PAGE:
If you’re teaching a group of OLDER STUDENTS, you can probably move through the warm up more quickly as they catch on to what you’re asking and how it relates to the chips in your hand. You might need to quickly review tally marks before allowing them to start performing and recording their results. These students can work individually or in teams. Once they’ve completed the lab, you can add up the results of the class to see how they might have differed from individual results. Explain to them that while their individual results might have varied, that 20 is really not very many draws. Over time, with even more draws, the results of the experiment would be 1/2. Then, use the lab to begin to expand their ability to use logic. What would they need to start with in order to GUARANTEE they could get the results they wanted to? They’d have to start with chips that were all the same color. Even if there was only one chip of a different color in the mix, at some point, with enough draws, you’d pull that color out. So, the only way to be sure you can get the results you want, if you only want to draw a white chip, for example, is to start with all white chips. This seems totally logical to many of us as adults, but we take for granted that children have the same ability to be logical that we do. Their minds are all at different points in beginning to make those leaps, so this is a great exercise for them, and you will likely discover that you have some children who understand it immediately and others who are slower to grasp it (or are silent as they work through it in their heads).
For ADULTS/PARENTS– Why do we care? Why are we doing these labs? What is the point of this with children this age?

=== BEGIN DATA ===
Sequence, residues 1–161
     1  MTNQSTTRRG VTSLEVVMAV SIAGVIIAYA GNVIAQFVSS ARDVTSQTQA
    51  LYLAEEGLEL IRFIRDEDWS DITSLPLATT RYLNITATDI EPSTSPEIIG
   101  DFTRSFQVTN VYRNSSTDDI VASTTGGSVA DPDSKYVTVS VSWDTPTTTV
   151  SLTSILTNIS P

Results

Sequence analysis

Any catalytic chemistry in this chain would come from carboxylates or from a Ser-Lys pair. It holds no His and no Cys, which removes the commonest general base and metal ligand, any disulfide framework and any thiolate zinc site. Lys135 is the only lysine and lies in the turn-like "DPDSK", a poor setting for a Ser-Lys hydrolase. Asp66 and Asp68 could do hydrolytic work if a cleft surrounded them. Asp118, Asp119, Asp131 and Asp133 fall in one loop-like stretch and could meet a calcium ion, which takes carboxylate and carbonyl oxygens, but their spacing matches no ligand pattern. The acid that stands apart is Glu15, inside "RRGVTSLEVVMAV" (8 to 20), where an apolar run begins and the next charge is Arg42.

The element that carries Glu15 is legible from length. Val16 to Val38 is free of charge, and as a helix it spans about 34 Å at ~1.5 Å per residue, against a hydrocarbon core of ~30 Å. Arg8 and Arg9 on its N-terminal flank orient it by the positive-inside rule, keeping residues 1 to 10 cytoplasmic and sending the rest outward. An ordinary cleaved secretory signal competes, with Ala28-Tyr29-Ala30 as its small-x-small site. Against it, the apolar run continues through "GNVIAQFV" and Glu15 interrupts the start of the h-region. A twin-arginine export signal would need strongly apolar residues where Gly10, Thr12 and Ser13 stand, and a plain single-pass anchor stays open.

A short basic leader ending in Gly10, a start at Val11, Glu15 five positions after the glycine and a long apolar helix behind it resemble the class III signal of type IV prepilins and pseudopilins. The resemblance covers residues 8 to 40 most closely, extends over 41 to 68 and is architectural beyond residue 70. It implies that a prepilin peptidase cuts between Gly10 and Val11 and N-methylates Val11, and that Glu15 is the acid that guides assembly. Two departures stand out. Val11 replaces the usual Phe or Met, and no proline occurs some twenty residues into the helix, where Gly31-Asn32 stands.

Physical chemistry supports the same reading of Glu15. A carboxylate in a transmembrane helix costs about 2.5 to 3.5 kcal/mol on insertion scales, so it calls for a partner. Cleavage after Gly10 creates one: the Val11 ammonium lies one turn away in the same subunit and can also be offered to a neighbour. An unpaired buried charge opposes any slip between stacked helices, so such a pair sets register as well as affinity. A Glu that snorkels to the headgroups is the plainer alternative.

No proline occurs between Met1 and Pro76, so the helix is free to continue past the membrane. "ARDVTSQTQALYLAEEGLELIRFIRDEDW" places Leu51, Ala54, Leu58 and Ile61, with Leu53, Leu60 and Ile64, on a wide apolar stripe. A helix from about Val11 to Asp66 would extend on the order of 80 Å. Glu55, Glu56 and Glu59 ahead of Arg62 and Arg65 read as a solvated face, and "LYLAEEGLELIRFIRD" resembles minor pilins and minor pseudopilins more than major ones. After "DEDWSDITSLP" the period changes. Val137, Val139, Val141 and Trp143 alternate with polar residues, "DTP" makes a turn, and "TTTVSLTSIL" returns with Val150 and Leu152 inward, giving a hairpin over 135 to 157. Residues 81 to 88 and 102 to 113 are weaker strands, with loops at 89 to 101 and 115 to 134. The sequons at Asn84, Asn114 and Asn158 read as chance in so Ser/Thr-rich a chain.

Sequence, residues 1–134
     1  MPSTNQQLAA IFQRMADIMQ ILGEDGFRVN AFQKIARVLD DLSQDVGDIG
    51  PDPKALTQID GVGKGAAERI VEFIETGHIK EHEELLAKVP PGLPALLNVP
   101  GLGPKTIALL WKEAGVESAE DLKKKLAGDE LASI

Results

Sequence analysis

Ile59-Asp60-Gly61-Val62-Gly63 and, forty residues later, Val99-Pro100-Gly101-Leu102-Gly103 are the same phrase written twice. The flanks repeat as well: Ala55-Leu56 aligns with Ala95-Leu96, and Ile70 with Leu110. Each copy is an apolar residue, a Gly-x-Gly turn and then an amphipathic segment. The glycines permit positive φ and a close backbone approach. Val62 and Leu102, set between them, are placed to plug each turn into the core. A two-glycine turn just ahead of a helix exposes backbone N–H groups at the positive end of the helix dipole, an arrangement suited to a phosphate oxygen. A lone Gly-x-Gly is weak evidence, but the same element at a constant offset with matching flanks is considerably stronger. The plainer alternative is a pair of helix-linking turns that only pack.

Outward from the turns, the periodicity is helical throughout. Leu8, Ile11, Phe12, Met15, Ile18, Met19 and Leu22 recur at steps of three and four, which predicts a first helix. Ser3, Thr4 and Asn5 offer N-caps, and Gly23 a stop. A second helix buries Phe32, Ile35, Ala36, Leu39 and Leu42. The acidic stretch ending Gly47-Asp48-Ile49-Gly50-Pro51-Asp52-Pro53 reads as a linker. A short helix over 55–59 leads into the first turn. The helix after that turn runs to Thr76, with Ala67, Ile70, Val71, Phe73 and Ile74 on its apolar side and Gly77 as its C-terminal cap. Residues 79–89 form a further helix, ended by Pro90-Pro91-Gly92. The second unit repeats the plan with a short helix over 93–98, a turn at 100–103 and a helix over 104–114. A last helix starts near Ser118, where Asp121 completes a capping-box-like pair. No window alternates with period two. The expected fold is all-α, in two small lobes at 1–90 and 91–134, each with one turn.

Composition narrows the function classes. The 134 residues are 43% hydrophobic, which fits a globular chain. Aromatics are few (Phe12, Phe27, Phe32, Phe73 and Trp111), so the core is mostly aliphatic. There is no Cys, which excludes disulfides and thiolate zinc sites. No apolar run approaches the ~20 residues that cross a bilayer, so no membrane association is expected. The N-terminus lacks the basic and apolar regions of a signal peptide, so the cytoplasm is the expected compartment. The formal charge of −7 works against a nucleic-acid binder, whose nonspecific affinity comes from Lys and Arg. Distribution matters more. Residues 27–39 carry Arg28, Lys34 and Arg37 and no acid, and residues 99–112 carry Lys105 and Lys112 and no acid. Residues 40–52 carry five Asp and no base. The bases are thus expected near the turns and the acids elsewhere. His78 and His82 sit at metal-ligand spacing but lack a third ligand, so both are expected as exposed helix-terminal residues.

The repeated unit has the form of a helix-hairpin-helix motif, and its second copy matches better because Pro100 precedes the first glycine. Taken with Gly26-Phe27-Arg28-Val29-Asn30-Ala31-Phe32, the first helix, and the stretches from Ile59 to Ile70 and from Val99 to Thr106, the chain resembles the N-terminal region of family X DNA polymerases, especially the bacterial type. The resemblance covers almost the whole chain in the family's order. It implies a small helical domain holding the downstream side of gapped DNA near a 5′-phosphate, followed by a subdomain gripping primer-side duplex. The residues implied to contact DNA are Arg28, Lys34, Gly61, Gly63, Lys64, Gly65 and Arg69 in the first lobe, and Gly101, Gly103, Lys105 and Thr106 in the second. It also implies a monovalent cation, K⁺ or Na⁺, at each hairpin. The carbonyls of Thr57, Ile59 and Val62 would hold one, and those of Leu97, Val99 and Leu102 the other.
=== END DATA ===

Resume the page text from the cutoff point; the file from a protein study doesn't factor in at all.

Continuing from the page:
The science of origins is the effort of scientists to explain how the universe began. The science grammar that we’ll learn in these 6 weeks is the basic definition of different ways used to explain how life began and developed. As always, YOU are the teacher. You decide how (or if) you want to elaborate on this at home. Tutors will drill the sentences/definitions. You decide what you want to teach your child. The science labs involve an introduction to basic statistics (probability, odds, combinations, etc.). Probability relates to the science of Origins because data is collected and analyzed and different and opposing conclusions are often drawn from the same data! Learning how to collect, record and analyze data is a skill that all scientists use. Gathering data, analyzing data and drawing conclusions are very much a part of many explanations of the origins of the universe. Eventually, our children will need to be able to draw their own conclusions from data that is presented to them. These labs are a great introduction to early critical thinking skills.
What’s the weather like in your neck of the woods these days? We have been iced and snowed in for nearly a week here are our house. This kind of weather is very unusual around here, so we’ve enjoyed the chance to slow down a little. The kids have spent so much time out sledding and playing that they are falling into bed at night and sleeping in late in the mornings. As homeschoolers, we could press on with a normal school schedule if we chose, but all of the children that live near us have schedules dictated by one school system or another and they’ve all been off and itching to play. I’ve also been “snowed under” with the tax returns I do at this time of year, so it’s been a good time to let the kids have a break and enjoy the type of play that just isn’t possible around here on a regular basis!